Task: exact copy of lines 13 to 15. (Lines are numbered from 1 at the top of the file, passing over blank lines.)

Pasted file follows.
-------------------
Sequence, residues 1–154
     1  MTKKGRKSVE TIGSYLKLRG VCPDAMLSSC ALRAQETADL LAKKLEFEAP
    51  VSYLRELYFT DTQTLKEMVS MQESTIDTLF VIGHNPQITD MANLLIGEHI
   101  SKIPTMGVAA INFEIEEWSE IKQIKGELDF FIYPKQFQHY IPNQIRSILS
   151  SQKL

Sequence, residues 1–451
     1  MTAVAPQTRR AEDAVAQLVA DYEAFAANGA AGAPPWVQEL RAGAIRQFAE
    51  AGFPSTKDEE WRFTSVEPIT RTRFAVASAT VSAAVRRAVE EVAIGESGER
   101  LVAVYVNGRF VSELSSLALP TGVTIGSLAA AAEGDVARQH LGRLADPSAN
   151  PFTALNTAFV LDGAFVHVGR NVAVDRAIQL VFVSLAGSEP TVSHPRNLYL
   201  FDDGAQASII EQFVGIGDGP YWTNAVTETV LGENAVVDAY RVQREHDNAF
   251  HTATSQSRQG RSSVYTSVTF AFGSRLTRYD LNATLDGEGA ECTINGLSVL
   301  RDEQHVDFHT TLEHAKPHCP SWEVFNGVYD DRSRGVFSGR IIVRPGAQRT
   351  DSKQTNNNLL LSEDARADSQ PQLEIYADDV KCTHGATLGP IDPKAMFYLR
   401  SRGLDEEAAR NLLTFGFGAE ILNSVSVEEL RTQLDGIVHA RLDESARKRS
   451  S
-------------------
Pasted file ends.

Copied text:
   301  RDEQHVDFHT TLEHAKPHCP SWEVFNGVYD DRSRGVFSGR IIVRPGAQRT
   351  DSKQTNNNLL LSEDARADSQ PQLEIYADDV KCTHGATLGP IDPKAMFYLR
   401  SRGLDEEAAR NLLTFGFGAE ILNSVSVEEL RTQLDGIVHA RLDESARKRS